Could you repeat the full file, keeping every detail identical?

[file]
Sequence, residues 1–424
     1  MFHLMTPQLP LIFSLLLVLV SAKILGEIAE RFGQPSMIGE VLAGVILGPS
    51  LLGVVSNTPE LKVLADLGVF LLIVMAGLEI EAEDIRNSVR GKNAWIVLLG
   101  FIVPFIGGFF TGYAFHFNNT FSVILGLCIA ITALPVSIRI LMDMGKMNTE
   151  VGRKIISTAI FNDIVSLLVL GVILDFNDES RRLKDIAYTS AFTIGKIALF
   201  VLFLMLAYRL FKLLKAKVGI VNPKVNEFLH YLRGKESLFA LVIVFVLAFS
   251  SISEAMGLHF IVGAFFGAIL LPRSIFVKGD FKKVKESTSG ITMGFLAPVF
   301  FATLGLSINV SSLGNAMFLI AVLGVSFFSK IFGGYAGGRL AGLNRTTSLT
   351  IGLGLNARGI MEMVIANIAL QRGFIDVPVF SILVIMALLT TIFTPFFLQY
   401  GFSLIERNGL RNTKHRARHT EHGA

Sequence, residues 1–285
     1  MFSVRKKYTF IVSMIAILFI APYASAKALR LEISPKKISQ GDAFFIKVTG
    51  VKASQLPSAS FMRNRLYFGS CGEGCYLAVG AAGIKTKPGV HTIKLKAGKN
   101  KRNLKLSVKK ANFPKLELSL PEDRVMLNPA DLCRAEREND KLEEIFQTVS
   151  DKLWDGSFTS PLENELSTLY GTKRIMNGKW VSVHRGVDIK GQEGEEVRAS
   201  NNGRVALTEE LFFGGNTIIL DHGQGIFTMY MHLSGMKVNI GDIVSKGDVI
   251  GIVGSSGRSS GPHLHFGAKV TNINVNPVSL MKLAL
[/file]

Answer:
Sequence, residues 1–424
     1  MFHLMTPQLP LIFSLLLVLV SAKILGEIAE RFGQPSMIGE VLAGVILGPS
    51  LLGVVSNTPE LKVLADLGVF LLIVMAGLEI EAEDIRNSVR GKNAWIVLLG
   101  FIVPFIGGFF TGYAFHFNNT FSVILGLCIA ITALPVSIRI LMDMGKMNTE
   151  VGRKIISTAI FNDIVSLLVL GVILDFNDES RRLKDIAYTS AFTIGKIALF
   201  VLFLMLAYRL FKLLKAKVGI VNPKVNEFLH YLRGKESLFA LVIVFVLAFS
   251  SISEAMGLHF IVGAFFGAIL LPRSIFVKGD FKKVKESTSG ITMGFLAPVF
   301  FATLGLSINV SSLGNAMFLI AVLGVSFFSK IFGGYAGGRL AGLNRTTSLT
   351  IGLGLNARGI MEMVIANIAL QRGFIDVPVF SILVIMALLT TIFTPFFLQY
   401  GFSLIERNGL RNTKHRARHT EHGA

Sequence, residues 1–285
     1  MFSVRKKYTF IVSMIAILFI APYASAKALR LEISPKKISQ GDAFFIKVTG
    51  VKASQLPSAS FMRNRLYFGS CGEGCYLAVG AAGIKTKPGV HTIKLKAGKN
   101  KRNLKLSVKK ANFPKLELSL PEDRVMLNPA DLCRAEREND KLEEIFQTVS
   151  DKLWDGSFTS PLENELSTLY GTKRIMNGKW VSVHRGVDIK GQEGEEVRAS
   201  NNGRVALTEE LFFGGNTIIL DHGQGIFTMY MHLSGMKVNI GDIVSKGDVI
   251  GIVGSSGRSS GPHLHFGAKV TNINVNPVSL MKLAL